Minnesota Prairie Roots

Writing and photography by Audrey Kletscher Helbling

The patriotic traditions of Memorial Day in Minnesota May 31, 2011

Boy Scouts march down Faribault's Central Avenue, giving away small American flags, on Memorial Day.

A member of the Color Guard salutes at the Memorial Day program in Central Park.

YES, DEAR READERS, I have yet another Memorial Day post to share with you. But I cannot help myself. My parents reared me to respect this day as a time to honor our war dead.

Every year of my childhood, we attended the Memorial Day program in my hometown of Vesta on the southwestern Minnesota prairie. I continued that tradition with my children by taking them each year to the Memorial Day parade in Faribault.

It is a tradition my husband and I continue, minus the kids—two of whom are grown and gone and the third a teen that cannot be roused from bed for the 10 a.m. parade.

Now I smile at the young families who gather along the curb in downtown Faribault to watch the veterans and Boy Scouts, the old cars and horses, the Girl Scouts and the Shattuck-St. Mary’s crack squad, the police cars and fire truck and marching bands.

Little hands reach for American flags distributed by the walking, sometimes running, Boy Scouts.

Clutched fists wave American flags.

It’s all so patriotic.

After the parade, the crowd gathers at nearby Central Park for more patriotism and I am reminded of my dad, a Korean War vet, who marched so many times with his Color Guard in parades and programs.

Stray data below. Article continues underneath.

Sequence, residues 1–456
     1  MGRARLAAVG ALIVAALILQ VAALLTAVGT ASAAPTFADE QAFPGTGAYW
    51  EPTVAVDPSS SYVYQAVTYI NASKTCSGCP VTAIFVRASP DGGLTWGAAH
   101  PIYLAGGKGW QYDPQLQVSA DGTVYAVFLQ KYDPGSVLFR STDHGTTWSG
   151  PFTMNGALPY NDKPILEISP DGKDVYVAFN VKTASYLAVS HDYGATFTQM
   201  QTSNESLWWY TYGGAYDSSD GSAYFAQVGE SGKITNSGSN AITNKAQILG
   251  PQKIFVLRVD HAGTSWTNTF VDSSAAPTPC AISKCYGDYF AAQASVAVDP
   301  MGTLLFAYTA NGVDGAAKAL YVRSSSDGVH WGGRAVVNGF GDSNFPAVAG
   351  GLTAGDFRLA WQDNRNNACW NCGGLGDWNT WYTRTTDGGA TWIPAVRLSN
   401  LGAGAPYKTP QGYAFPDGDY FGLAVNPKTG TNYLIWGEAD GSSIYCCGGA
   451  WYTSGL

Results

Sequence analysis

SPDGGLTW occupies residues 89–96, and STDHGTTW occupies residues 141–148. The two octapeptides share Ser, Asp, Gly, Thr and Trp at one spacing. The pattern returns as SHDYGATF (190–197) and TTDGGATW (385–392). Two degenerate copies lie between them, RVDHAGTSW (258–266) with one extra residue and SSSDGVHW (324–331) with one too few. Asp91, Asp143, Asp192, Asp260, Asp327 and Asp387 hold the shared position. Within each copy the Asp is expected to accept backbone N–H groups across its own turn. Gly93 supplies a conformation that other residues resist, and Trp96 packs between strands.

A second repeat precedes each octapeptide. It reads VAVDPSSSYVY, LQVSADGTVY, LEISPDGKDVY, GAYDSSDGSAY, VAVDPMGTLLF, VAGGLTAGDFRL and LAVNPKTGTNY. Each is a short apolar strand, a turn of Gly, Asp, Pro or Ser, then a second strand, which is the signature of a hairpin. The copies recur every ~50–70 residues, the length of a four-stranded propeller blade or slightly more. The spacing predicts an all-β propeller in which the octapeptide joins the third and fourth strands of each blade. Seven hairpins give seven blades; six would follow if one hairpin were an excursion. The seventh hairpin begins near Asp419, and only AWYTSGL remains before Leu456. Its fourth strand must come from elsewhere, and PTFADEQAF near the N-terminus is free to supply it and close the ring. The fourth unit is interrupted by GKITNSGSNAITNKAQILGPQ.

In the park bandshell, the guests of honor sit, rise and tell us they have little to say before offering these words:

“Your wars aren’t all won on the battlefield. They’re also won at home.”

“If you know a veteran, just say, ‘thank you.’ It means so much to them—something Vietnam vets were short of.”

“I salute all veterans here.”

“God bless everybody.”

“God bless America.”

The Color Guard leads the way in the Faribault Memorial Day parade.

These Boy Scouts seem a bit indecisive, while other Boy Scouts race toward the crowd to hand out American flags.

Every year the Boy Scouts give away flags during the parade.

A veteran and others wait for the Memorial Day program to start at Central Park.

The Color Guard advances and the Memorial Day observance begins in Central Park.

The Color Guard soldiers salute. Emcee and radio announcer Gordy Kosfeld, on stage at the podium, will later tell us: "Memorial Day should be a time of reflection, not a holiday."

A strong wind blew the Color Guard flags set next to the bandshell stage at Central Park.

© Copyright 2011 Audrey Kletscher Helbling